English 202D: Business Writing

Sara Luttfring/Spring 2020

Correspondence Portfolio

Peer Review: Thursday, February 6

Due Date: Tuesday, February 11 (Please submit your documents in a folder with your name on it. Your folder can be new or used. It can be a pocket folder or a file folder; please do not use ring binders. You will get your folder back when I return your graded assignment.)

For this assignment, you will use the attached scenarios to prepare three separate pieces of correspondence. In each piece of correspondence, you will be graded on your ability to demonstrate the following business writing techniques effectively, thoroughly, and consistently. You must use these techniques throughout your documents—not just a few times. This assignment is worth 150 points towards your final grade.

You Viewpoint

* Focus on the reader’s benefits, choices, and points of interest, not on yourself

* Don’t make assumptions about a reader’s beliefs or feelings

* Don’t talk about your own feelings

* Use you more often than in positive situations

* Avoid you in negative situations

* Emphasize what the reader wants to know through organization and content

Positive Emphasis

* Emphasize positive information through detail and placement

* Avoid negative words

* Focus on what the reader can do, not on limitations

* Justify negative information (give a reason or link it to a benefit)

* Omit unimportant negatives

* When appropriate, de-emphasize negative information and present it compactly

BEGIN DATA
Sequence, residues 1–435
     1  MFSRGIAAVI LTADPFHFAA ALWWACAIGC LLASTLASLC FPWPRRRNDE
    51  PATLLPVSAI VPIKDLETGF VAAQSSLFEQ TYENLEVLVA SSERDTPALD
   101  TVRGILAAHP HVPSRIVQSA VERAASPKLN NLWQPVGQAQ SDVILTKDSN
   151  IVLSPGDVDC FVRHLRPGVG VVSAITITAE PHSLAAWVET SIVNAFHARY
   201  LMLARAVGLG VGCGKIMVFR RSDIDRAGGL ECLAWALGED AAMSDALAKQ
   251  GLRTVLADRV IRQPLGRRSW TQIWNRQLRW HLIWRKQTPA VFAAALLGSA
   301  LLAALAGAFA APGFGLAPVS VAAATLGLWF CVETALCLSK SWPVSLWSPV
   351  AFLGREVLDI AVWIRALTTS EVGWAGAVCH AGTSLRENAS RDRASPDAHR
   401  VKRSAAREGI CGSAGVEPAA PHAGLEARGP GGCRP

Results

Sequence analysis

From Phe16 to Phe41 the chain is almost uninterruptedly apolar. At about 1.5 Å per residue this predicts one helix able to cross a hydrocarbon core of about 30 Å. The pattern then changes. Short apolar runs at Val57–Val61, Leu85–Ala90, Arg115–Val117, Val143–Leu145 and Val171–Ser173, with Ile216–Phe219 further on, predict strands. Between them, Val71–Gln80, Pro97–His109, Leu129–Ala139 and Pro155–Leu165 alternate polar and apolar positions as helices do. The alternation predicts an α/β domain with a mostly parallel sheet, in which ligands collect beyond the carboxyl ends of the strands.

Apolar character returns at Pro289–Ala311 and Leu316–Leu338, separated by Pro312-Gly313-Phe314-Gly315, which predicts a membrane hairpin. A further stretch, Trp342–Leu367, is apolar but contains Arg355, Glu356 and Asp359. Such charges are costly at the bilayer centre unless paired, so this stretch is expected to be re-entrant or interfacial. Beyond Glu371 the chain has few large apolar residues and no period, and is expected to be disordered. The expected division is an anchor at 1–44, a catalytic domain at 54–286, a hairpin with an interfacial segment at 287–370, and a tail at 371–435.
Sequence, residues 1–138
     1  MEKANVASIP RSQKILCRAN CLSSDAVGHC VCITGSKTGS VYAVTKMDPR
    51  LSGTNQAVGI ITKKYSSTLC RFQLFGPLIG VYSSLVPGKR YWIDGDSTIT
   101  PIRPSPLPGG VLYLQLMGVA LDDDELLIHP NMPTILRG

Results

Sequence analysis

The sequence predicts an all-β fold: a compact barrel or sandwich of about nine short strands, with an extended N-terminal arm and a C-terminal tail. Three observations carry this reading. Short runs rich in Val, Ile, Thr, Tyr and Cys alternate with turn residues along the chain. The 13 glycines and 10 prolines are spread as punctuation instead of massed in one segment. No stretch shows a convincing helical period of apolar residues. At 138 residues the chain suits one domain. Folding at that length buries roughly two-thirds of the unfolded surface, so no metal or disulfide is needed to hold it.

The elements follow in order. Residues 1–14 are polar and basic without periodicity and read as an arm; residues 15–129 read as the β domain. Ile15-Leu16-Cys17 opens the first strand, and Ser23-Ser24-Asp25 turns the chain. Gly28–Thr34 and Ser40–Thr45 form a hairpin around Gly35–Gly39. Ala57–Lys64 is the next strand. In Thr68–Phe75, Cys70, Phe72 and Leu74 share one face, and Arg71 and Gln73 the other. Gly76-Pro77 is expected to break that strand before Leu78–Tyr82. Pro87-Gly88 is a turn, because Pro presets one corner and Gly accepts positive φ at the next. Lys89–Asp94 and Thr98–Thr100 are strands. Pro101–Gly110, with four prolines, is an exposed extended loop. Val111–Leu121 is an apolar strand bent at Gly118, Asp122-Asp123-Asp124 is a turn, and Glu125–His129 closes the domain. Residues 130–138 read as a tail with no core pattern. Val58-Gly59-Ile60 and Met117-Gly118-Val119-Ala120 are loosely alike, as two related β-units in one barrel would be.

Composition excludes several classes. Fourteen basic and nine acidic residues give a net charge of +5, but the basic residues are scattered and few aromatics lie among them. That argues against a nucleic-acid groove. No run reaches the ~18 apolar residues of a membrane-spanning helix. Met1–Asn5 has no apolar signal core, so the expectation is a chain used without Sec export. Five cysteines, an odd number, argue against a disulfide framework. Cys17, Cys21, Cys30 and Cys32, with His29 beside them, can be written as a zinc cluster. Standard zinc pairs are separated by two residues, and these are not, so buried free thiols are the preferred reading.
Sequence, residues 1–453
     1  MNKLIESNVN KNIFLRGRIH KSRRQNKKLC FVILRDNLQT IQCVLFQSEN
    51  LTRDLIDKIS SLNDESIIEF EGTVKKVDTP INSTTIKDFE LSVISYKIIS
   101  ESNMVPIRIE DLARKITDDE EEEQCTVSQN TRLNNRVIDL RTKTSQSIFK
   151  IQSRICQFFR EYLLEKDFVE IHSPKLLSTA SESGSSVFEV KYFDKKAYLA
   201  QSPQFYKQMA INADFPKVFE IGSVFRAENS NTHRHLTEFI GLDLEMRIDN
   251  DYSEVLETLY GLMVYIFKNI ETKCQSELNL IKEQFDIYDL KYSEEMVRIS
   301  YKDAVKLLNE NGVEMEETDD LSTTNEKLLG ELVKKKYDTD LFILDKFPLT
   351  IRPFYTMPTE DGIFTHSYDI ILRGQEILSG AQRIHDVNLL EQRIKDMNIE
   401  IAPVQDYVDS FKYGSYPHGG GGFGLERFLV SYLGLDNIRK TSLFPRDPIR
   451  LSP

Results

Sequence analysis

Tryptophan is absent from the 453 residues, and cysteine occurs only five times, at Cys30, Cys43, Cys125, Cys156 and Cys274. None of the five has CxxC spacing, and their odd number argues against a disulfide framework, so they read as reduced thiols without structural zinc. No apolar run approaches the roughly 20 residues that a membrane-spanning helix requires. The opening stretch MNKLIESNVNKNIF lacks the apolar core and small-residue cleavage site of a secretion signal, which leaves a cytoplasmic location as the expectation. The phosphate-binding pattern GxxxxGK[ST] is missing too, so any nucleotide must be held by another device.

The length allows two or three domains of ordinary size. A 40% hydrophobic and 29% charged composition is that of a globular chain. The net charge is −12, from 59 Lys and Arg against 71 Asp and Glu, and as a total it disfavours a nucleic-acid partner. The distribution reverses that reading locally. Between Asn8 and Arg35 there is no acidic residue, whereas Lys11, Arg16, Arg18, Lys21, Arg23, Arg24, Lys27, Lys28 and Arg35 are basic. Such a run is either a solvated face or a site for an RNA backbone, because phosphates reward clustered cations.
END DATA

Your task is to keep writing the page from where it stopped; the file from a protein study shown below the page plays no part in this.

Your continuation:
Audience Analysis

* Brainstorm all of your potential audiences, but focus on your primary audience

* Gather and analyze relevant information about your audience

* Use your analysis to plan strategy, organization, content, and tone

Reader Benefits

* Identify the feelings, fears, and needs that may motivate your readers

* Identify the features of your product/service/plan/information that could benefit your audience

* Use strong, vivid details to develop reader benefits

* Use intrinsic benefits

* Use benefits you can develop fully

* Use you viewpoint when presenting benefits

You will also be graded on your ability to use proper memo and letter formats as described in the Business Writer’s Handbook and to effectively implement techniques pertaining to positive/informative, negative, and persuasive messages.

For each piece of correspondence, make sure all necessary information is included and unnecessary information is excluded. (Not every piece of information in the scenarios needs to go in the message. Pick what’s most important to your audience!) You must also be meticulous in proofreading for grammar and spelling errors.

Remember, although these assignments contain “real world” scenarios, I will be grading you on your ability to demonstrate your knowledge and mastery of course concepts. That might mean writing more, or going into more depth, than you would if you were actually in these scenarios. You may add information to your documents that is not contained in the scenario, but you cannot change any of the information in the scenario.

I will grade this assignment based on 1) your mastery of the course techniques and message types outlined above, 2) your adherence to proper memo and letter formatting, 3) the clarity and correctness of your writing.

Make sure you fully understand the scenarios before you start writing—read them carefully more than once and let me know if you have any questions. Use the Writer’s Checklist on pg. 117 of the Business Writer’s Handbook to organize your writing process.

Your portfolio must be an original piece of work. At the least, plagiarism will result in failure of the assignment. Egregious cases will result in automatic failure of the course.

Scenario 1: Announcing a Tuition Reimbursement Program (Positive/Informative Message)

Your organization has decided to encourage employees to take courses by reimbursing each eligible employee a maximum of $3,500 in tuition and fees during any one calendar year. Anyone who wants to participate in the program must apply before the first class meeting; the application must be signed by the employee’s immediate supervisor. The Office of Human Resources will evaluate applications. That office has application forms.